Renovated Times Square by Snøhetta Opens Officially to the Public

Architecture firm Snøhetta’s renovated Times Square in New York opened on 19 April 2017. The project was handed to Snøhetta by the New York City Department of Design and Construction and the New York City Department of Transportation in 2010. The firm was required to re-design and landscape a total area of 5.18 acres at the heart of the Times Square theater district. The site is known as the “Bowtie”, forms, and it is bounded by Broadway and 7th Avenue between 42nd and 47th streets Midtown Manhattan.

Photography: Michael Grimm

The world-famous square, known for its theaters and digital billboards, is a major tourist attraction which receives an average of 45 million visitors per year. However, these massive amounts of visitors, on a frequent basis, have not impacted the square itself in a most positive way. “Although Times Square has remained popular over the years, its popularity over the years had made it somewhat unsafe, polluted and sometimes uninviting,” said Architect and Founding Partner of Snøhetta Craig Dykers. “To some people, it lost its authenticity.”

Photography: Michael Grimm

Snøhetta’s revamp of the square included doubling the pedestrian areas in the square by introducing five plazas between the intersection of Broadway and 7th Avenue with the crossing streets from 42nd to 47th, in addition to increasing the width of the sidewalks along 7th Avenue. They have covered the ground in “clear and simple” pre-cast concrete pavers to highlight the surrounding illuminated billboards. Theses pavers are embedded with Nickel-sized steel discs to reflect the glow of the neon from the billboards, creating a playful effect. They have, also, added ten 50-foot granite benches to make the square experience more comfortable and exciting for visitors.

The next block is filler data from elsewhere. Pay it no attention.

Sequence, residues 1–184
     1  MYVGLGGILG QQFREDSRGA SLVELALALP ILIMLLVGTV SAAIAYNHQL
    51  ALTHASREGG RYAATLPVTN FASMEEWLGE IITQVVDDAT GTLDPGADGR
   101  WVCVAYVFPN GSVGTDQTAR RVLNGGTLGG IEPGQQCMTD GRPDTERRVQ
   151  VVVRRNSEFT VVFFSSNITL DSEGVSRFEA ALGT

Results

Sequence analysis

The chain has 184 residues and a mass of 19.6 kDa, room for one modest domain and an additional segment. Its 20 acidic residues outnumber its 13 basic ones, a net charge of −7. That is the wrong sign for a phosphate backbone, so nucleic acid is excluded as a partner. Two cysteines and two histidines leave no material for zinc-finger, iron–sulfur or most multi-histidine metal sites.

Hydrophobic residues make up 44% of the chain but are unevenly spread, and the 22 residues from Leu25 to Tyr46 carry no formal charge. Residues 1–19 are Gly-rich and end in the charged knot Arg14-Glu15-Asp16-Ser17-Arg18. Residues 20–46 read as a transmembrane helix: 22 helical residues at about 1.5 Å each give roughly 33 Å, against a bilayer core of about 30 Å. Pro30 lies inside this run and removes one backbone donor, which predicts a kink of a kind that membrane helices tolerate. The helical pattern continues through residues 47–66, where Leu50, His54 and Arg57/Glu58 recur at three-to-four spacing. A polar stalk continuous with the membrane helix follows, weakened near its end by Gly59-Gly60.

Photography: Michael Grimm

Besides the additions, the designers have also removed some unneeded elements like excess traffic signals and trash cans to smooth the pedestrian flow. The firm has, also, approached the crucial infrastructure issues, turning the well-worn and congested Time Square into a “radically open civic square” and an attractive venue for public events.

“Conceived as a project whose success would be measured not only by its new aesthetic but also the long-term physical, psychological and economic benefits on its community, the reinvention of Times Square stands as a model for how the design of our urban landscapes can improve health and well-being of its users while providing an important stage for public gathering,” said Craig Dykers.

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